Next Previous Contents

4. Quota setup: tools

This operation is performed with the edquota command (`man edquota` for details).

4.1 Assigning quota for a particular user

Here's an example. I have a user with the login id bob on my system. The command "edquota -u bob" takes me into vi (or editor specified in my $EDITOR environment variable) to edit quota for user bob on each partition that has quota enabled:

Quotas for user bob: 
/dev/hda3: blocks in use: 2594, limits (soft = 5000, hard = 6500) 
         inodes in use: 356, limits (soft = 1000, hard = 1500)

"blocks in use" is the total number of blocks (in kilobytes) a user has consumed on a partition.

"inodes in use" is the total number of inodes a user has consumed on a partition.

4.2 Assigning quota for a particular group

Now I have a group games on my system. "edquota -g games" takes me into the vi editor again to edit quota for the group games:

        Quotas for group games: 
        /dev/hda4: blocks in use: 5799, limits (soft = 8000, hard = 10000) 
                inodes in use: 1454, limits (soft = 3000, hard = 4000)

4.3 Assigning quota for a bunch of users with the same value

To rapidly set quotas for, say 100 users, on my system to the same value as my user bob, I would first edit bob's quota information by hand, then execute:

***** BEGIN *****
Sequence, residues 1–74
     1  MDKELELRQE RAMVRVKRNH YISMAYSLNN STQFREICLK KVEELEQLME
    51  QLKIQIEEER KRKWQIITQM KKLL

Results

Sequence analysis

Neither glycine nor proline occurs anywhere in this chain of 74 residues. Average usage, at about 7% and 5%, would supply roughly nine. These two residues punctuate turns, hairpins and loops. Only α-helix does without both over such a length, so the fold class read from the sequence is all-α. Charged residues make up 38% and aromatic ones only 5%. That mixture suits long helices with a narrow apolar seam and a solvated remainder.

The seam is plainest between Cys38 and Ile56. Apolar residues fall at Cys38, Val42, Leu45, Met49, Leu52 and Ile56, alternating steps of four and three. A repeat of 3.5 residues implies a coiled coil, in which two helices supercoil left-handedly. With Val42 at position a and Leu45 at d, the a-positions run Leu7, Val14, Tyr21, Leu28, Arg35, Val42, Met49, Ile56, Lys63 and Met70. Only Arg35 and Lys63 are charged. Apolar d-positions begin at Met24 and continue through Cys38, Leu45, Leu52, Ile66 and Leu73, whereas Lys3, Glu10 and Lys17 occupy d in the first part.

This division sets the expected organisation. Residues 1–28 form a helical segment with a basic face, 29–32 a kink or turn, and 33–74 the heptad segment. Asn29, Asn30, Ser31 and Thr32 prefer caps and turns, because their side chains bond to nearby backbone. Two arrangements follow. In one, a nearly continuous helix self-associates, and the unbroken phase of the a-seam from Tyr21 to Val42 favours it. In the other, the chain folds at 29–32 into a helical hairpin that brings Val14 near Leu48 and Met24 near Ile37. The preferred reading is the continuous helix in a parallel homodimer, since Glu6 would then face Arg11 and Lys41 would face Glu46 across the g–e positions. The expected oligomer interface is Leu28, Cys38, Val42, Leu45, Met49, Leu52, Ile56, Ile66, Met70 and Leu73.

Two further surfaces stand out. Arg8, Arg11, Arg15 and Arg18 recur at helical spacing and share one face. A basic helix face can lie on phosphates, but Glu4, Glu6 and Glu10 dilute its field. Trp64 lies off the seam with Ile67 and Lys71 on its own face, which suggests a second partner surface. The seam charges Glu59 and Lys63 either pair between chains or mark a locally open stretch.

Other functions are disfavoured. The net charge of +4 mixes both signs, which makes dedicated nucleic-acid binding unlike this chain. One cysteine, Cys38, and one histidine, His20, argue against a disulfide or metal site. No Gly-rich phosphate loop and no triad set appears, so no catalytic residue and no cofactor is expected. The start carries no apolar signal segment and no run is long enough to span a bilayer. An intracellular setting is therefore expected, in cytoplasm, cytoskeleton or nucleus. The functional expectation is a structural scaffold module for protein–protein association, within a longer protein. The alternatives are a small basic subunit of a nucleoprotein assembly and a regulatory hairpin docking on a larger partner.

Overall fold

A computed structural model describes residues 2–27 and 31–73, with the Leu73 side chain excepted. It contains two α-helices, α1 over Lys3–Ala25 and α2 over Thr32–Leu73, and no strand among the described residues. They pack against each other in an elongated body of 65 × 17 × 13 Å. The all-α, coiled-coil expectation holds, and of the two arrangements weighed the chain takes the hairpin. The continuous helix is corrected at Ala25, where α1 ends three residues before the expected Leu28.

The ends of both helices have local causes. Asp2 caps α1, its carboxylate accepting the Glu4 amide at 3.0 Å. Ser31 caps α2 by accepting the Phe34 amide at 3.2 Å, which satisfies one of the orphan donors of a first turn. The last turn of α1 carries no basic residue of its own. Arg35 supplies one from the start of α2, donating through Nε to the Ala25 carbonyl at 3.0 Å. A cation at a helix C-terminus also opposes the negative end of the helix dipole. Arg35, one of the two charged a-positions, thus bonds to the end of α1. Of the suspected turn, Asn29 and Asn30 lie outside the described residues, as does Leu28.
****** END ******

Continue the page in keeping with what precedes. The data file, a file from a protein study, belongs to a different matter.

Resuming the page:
edquota -p bob `awk -F: '$3 > 499 {print $1}' /etc/passwd`

assuming that you are using csh, and that you assign your user UID's starting with 500.

In addition to edquota, there are 3 terms which you should familiarize yourself with: Soft Limit, Hard Limit, and Grace Period.

4.4 Soft Limit

_Soft limit_ indicates the maximum amount of disk usage a quota user has on a partition. When combined with grace period, it acts as the border line, which a quota user is issued warnings about his impending quota violation when passed.

4.5 Hard Limit

Hard limit works only when grace period is set. It specifies the absolute limit on the disk usage, which a quota user can't go beyond his hard limit.

4.6 Grace Period

Executed with the command "edquota -t", grace period is a time limit before the soft limit is enforced for a file system with quota enabled. Time units of sec(onds), min(utes), hour(s), day(s), week(s), and month(s) can be used. This is what you'll see with the command "edquota -t":

Time units may be: days, hours, minutes, or seconds 
Grace period before enforcing soft limits for users: 
/dev/hda2: block grace period: 0 days, file grace period: 0 days 

Change the 0 days part to any length of time you feel reasonable. I personally would choose 7 days (or 1 week).

Next Previous Contents